2. The conflict between the Proposed Rules and California law is unnecessary, since it stems from a portion of the Proposed Rules (the "noisy withdrawal" and mandatory disaffirmance requirements) that departs from both the letter and spirit of the Act. The Act provides no express authority for the Commission to adopt "reporting out" or disaffirmance provisions in conflict with state laws. As a result, the conflicts between the Proposed Rules and state law requirements on attorney conduct are likely to be litigated in a variety of different fora. Protracted litigation and potentially inconsistent decisions will adversely affect investor confidence. We recommend that the Commission narrow the scope of the final Rules to eliminate the substantial uncertainties created by the text of the Proposed Rules.

  3. Doctrines and rules pertaining to privilege, admissibility, and duties of attorneys practicing in California are governed by California and federal law, including the securities laws. Although the Proposed Rules may purport to address these doctrines and rules, it is unclear that the Commission can impose its interpretation of them in contexts not involving the Commission. That lack of clarity will create a risk of protracted litigation and potentially inconsistent decisions.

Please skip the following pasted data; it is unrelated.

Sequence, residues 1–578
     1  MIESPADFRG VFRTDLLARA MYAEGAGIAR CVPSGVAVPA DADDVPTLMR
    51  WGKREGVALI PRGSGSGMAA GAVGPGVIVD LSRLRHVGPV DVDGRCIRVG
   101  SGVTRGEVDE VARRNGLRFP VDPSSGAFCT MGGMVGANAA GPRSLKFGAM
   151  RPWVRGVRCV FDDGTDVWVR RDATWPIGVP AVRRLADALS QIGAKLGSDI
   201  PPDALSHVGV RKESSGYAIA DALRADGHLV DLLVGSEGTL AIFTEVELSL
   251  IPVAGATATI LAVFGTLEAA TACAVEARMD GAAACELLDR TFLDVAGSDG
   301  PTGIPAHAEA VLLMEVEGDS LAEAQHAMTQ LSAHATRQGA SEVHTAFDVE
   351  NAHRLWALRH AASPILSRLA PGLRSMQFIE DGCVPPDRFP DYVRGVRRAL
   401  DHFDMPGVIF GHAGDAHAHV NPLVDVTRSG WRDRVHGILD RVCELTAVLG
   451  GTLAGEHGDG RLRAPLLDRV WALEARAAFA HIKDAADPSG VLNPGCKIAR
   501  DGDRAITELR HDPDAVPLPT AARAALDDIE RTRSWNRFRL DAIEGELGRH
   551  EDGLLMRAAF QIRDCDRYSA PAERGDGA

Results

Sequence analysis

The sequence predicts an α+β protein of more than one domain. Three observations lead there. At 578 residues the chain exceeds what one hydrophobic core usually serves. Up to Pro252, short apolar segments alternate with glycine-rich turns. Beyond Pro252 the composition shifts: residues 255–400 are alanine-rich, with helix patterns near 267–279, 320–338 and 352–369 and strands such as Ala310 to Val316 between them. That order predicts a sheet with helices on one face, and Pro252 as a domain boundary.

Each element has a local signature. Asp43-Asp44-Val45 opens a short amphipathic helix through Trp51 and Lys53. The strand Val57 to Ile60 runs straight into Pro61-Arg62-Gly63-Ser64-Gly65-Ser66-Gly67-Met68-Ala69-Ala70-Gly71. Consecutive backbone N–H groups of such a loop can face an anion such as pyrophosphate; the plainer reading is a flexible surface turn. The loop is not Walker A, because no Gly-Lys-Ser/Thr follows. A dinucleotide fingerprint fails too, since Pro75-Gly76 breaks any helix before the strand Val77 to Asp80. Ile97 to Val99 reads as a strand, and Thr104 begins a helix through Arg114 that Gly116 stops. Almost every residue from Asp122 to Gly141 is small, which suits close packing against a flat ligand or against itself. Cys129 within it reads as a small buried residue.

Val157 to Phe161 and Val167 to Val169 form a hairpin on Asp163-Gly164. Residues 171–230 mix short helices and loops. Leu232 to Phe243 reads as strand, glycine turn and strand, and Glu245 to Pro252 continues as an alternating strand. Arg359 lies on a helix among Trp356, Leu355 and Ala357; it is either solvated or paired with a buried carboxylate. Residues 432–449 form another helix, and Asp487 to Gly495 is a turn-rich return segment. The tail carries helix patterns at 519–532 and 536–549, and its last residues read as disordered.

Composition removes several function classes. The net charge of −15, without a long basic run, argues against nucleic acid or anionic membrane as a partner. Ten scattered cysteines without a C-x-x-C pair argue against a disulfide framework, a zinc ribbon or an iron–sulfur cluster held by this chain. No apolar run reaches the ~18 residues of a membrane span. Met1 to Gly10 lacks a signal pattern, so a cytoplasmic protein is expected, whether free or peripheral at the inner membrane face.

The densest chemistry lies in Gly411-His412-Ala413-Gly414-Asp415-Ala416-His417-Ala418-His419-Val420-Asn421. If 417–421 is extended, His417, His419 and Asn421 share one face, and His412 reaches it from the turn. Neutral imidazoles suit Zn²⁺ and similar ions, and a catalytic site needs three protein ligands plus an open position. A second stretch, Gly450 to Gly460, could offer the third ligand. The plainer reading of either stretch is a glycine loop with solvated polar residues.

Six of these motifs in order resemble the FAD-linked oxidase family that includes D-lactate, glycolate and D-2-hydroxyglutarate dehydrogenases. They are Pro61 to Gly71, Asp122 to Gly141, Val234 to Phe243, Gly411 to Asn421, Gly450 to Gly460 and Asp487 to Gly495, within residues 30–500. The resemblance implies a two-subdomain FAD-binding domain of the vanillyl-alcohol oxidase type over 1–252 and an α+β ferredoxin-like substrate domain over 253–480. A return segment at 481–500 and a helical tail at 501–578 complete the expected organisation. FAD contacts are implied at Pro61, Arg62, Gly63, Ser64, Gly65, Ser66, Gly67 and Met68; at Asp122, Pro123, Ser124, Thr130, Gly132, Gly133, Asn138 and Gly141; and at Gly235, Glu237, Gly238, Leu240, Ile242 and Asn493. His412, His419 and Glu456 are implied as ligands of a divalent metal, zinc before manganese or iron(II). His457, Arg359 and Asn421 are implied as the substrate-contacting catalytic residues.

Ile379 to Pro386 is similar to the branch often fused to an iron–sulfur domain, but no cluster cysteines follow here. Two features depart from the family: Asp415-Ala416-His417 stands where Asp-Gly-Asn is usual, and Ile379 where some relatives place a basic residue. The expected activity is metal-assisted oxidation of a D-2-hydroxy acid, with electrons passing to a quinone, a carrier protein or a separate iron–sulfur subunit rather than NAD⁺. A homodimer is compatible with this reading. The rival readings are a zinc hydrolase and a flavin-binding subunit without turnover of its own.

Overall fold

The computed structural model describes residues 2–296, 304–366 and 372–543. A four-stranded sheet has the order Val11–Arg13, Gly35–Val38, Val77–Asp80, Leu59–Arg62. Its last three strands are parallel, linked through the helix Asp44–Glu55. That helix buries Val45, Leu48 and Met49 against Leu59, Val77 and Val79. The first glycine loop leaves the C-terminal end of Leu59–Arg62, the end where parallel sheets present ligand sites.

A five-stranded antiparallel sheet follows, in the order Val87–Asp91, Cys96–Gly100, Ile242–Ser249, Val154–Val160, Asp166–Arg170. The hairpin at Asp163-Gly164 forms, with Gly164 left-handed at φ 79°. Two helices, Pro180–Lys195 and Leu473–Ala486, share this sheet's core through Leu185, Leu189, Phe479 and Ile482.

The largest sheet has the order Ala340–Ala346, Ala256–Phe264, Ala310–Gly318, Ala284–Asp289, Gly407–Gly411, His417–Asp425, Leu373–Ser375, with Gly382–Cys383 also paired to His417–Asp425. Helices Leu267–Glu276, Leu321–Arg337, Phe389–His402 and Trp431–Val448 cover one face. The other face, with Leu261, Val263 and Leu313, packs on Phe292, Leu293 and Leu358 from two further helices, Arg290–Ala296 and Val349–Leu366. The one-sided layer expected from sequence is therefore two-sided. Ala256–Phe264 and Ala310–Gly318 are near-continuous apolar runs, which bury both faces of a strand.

4. The specific requirements under Section 307 of the Act that an attorney "report up" the corporate ladder on material violations of securities law establish a mechanism assuring that close or controversial legal issues are exposed to the scrutiny of independent directors. To achieve the benefits of "reporting up," however, it is not necessary -- and, in fact, is harmful -- to involve attorneys in "reporting out" to the Commission or the public. Such requirements are likely to impair the effective assistance of counsel, converting attorneys from advisors and advocates for their clients into quasi-regulators and judges of their clients. We do not believe that Congress intended such a fundamental realignment of responsibilities when it enacted Section 307. Further, such a change in the role of counsel undermines the purpose of Section 307, which is to promote (not discourage) access to legal advice by the proper levels of management.